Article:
• align manufacturing capabilities with customers
• define new technological milestones.

A total number of 24 good practices emerged from this evaluation, which represents an important knowledge base in terms of experience feedback, for the mutual progress of clusters and for the support to emerging clusters.

A common point is observed throughout the CARE consortium: all clusters have activities in the field of collaborative projects, source of innovation for smaller actors. Concrete actions to foster innovative projects are different as described in the next paragraphs, but the final purpose is the same: join initiatives to be more competitive.
Similarly, common difficulties are also observed in the CARE group on the cluster members projects follow-up: clusters cannot perform an adequate follow up of launched projects and can hardly measure the efficiency of the funding systems, due to a general lack of instruments to collect feedback from project leaders. According to several clusters, even the funding authorities themselves did not implement such tools.

Clusters as a vector of internationalization
The previously mentioned selected practices provide a good vision of the services and supports offered by clusters to their members. Within this panel of services, and although the role of clusters differ from one region to another, internationalization of small-size actors is a common concern of all CARE clusters.
These clusters have their own network of international partners composed of clusters, research organizations, companies, foreign local authorities etc. The ambition of CARE is to build a European and interregional CARE cluster capable of federating networks and creating well identified and unified relationships. The size and critical mass of actors represented by CARE is an opportunity for all the clusters composing the CARE group. Indeed, while regional clusters create links with other clusters, a CARE European Cluster will be able to establish dialogue at a higher scale with other potential meta-clusters, or international organizations like SESAR or CleanSky.
With the same logics based on the technological positioning of the CARE regions in the 13 key-challenges, the methodology used to internationalize CARE consists here in identifying potential new partners in order to:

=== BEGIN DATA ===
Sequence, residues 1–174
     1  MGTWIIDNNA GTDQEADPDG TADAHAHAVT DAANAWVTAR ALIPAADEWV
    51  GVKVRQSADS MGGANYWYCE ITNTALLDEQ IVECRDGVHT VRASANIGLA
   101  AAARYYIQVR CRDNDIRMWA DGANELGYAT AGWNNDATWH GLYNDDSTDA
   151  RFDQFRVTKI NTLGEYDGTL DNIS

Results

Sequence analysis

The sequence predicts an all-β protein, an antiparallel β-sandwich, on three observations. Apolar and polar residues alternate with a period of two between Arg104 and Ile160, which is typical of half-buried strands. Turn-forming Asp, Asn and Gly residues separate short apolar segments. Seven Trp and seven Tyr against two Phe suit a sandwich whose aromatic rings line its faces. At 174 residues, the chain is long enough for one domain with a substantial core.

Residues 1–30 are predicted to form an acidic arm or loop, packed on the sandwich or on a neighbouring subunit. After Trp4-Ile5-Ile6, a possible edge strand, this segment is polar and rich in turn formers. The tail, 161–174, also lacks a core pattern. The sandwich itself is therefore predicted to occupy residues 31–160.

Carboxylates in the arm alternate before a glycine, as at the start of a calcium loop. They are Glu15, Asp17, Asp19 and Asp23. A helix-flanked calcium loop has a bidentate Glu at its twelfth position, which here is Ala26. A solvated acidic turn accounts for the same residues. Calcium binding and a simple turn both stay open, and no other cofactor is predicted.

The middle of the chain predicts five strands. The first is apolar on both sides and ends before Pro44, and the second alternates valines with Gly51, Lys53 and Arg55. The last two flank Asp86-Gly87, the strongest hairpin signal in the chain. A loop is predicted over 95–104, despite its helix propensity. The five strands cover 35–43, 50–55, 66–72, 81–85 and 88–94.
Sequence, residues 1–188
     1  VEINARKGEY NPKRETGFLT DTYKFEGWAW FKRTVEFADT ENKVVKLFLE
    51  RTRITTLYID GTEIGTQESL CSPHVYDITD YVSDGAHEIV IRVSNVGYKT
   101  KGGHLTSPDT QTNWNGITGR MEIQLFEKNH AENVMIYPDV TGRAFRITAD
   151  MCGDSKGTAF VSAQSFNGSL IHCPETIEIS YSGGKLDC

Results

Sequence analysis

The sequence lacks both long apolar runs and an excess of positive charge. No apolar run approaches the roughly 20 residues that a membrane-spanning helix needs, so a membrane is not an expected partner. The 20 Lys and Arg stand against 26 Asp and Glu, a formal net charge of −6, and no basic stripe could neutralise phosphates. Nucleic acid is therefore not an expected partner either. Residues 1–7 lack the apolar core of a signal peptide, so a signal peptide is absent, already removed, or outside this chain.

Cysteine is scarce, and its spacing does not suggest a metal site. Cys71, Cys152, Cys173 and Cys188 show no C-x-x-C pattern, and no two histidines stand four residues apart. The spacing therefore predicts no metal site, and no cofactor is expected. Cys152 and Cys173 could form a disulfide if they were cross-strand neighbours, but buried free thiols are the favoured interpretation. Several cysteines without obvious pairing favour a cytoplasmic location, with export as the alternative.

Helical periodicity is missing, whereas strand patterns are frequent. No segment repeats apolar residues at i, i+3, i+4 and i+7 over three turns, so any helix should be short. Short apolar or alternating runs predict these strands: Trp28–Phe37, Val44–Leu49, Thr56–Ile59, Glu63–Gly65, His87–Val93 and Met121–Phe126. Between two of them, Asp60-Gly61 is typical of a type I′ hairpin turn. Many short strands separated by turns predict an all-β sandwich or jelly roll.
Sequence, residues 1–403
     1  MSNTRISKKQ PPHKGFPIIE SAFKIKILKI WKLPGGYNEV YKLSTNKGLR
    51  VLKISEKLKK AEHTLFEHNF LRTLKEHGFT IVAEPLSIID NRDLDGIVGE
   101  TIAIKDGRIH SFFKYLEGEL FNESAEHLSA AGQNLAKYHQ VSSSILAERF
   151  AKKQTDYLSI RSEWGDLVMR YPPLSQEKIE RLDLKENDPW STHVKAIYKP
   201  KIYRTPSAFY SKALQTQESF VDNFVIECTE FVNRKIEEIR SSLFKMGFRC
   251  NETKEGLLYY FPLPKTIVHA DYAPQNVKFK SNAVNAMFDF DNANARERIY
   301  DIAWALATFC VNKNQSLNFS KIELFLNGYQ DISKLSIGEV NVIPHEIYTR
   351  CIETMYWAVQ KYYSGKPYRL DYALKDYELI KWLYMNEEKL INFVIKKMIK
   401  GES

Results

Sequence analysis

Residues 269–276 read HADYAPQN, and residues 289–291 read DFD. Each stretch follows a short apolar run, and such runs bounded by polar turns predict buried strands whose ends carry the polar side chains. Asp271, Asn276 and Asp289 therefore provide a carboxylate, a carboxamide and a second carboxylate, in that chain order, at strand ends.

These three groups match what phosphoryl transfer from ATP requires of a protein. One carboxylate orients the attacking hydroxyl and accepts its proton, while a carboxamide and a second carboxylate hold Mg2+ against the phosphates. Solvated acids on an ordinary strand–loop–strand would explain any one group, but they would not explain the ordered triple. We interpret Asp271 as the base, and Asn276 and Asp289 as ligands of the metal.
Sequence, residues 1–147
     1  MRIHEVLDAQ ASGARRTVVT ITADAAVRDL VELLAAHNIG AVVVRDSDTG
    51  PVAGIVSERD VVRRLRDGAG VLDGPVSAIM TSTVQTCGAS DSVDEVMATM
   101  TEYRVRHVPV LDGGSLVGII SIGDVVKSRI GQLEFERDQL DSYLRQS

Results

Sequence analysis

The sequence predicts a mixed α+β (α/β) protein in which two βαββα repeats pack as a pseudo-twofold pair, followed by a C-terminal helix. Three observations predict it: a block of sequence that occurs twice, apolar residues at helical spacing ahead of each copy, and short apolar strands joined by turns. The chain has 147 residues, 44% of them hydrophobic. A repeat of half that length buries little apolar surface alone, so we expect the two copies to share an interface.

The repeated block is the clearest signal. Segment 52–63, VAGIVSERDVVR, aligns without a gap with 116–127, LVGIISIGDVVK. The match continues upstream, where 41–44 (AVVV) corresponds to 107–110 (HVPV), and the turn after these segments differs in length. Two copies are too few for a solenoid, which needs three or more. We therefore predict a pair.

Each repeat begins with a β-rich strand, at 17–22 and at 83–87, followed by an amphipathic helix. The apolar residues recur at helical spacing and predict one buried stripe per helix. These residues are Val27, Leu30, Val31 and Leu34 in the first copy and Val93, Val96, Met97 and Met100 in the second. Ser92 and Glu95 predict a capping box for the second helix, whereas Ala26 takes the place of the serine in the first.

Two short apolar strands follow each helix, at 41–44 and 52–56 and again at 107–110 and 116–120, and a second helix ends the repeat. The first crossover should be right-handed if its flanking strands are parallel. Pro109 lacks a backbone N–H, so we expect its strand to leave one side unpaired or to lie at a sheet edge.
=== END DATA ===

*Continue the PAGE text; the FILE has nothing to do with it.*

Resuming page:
– complete the needs of the CARE consortium : with partners having complementary technical know-how in the weakest key-challenges of CARE European cluster or common interests or level of excellence in green challenges

– promote the cutting-edge know-how of CARE metacluster: with key-partners or target countries where CARE can provide an insight or a support to European SMEs export activities or potential R&D collaborations.

The following chart is a summary of the mapped fields of activity or sectors where to find new international partners for CARE.

Topic
Partners with technical expertise ICT-Energy Management
Materials
Recycling
Biofuels
Space
Partners of other fields of activity Automotive
Logistics
Multimodality/ Airports


On the same model, the next chart lists the countries where CARE tries to disseminate and accelerate the promotion of CARE.
Geographical areas South Africa
Brasil
Mexico
India
Russia
Canada
China
United States

Among each field of interest and geographical target, several potential partners have been identified and contacted thanks to the network of CARE clusters. Bilateral discussions have led to the identification of several knowledge transfer or economic development opportunities between CARE and these new potential partners. While not all the discussions led to positive results, this step permitted to initiate strong links around several topics of common interest. The final step is the establishment of specific collaborations with the identified opportunities; which will be detailed later of this report. The detailed approach and list of all targeted partners are compiled in the report D3.4 “Possible routes for European based cooperation”.

The CARE methodology, a first positive result

A pioneering activity federating clusters
The CARE methodology presented above is quite innovative since it allows that various clusters collaborate with a common language, a harmonized evaluation process, as well as common objectives and fields of interest. It represents the process toward the creation of a European-scale cluster, capable of conducting a collective approach for excellence and efficiency in the regional innovation eco-systems.
The following chart summarizes the 3 main steps of the methodology adopted by each CARE partner. It aimed at identifying the role of clusters, the activity in their own territory as well as the activity developed for internationalization.

Figure 10: Axes of individual cluster analysis

In order to consolidate and structure the equivalent of European meta-cluster, the methodology also consisted in creating links and articulations between these regional results. Comparison of outcomes, discussions on complementarities, identification of common concerns and needs, were key-elements of the first period toward common objectives and actions as illustrated in the green box below.